Patented inventions must be different from existing knowledge or previous inventions, otherwise known as prior art. What is prior art?
Prior art is:
- anything in public use or sold in the United States for more than a year prior to the patent application’s filing date;
- anything publicly known or used by others in this country before the invention date;
- anything made or built in this country by another before the invention date;
- prior patents issued more than a year before the patent’s filing date or any time before the date of invention;
- prior publications dated more than a year before the patent’s filing date or any time before the date of invention; or
- U.S. patents with a filing date prior to the invention date. What are Invention date and One Year Rule?
There are three types of differences:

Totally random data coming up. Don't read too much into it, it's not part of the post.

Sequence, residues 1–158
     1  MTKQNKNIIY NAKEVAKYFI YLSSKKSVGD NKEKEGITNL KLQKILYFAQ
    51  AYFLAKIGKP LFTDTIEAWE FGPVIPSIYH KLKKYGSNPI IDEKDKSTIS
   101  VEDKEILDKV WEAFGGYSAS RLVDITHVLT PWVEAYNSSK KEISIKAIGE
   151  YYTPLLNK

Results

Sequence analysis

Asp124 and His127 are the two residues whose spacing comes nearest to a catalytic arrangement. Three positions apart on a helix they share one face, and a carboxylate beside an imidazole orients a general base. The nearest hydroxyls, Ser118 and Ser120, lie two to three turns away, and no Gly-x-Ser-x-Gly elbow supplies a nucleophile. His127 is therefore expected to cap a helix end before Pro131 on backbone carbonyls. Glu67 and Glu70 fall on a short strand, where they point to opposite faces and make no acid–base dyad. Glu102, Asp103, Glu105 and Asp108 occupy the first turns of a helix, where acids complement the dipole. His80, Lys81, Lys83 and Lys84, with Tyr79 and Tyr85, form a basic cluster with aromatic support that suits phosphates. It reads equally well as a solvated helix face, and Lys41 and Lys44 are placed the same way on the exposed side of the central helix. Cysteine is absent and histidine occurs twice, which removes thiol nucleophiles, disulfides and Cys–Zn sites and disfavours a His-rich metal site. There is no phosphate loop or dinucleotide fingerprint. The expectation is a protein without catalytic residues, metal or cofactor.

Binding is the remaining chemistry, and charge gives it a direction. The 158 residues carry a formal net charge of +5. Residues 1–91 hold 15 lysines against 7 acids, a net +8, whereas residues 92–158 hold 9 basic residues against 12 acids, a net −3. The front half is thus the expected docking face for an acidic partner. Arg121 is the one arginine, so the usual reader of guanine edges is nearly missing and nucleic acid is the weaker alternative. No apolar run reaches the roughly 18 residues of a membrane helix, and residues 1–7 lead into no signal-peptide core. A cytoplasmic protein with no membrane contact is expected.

The new invention must have at least one piece of hardware that is physically different from prior art. This can be an addition or a subtraction of hardware. It may also be something less obvious than that. For example, a physical difference may be that the invention works in a different temperature range or a different mode than what was indicated by prior art. These will all satisfy the novelty criteria for patenting a new invention.
2. new combination
Novelty may include new combinations of prior art. In other words, two previously patented inventions are prior art. But if they are combined in such a way that is not already patented, then this new combination is considered novel.
3. new use
A patented invention’s use is described in the claims section of its patent application. If you think of a new use that isn’t discussed in the patent application, then that new use satisfies the novelty component. This new use of an already patented invention may be patentable.